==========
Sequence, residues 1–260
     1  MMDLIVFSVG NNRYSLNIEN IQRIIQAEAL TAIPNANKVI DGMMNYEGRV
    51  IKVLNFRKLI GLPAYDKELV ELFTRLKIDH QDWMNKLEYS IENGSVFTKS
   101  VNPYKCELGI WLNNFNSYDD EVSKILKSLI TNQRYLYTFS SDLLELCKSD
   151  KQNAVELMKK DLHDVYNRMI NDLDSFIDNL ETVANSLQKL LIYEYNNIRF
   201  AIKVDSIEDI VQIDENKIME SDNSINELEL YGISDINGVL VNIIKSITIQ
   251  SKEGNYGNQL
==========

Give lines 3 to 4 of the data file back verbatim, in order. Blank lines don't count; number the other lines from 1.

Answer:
    51  IKVLNFRKLI GLPAYDKELV ELFTRLKIDH QDWMNKLEYS IENGSVFTKS
   101  VNPYKCELGI WLNNFNSYDD EVSKILKSLI TNQRYLYTFS SDLLELCKSD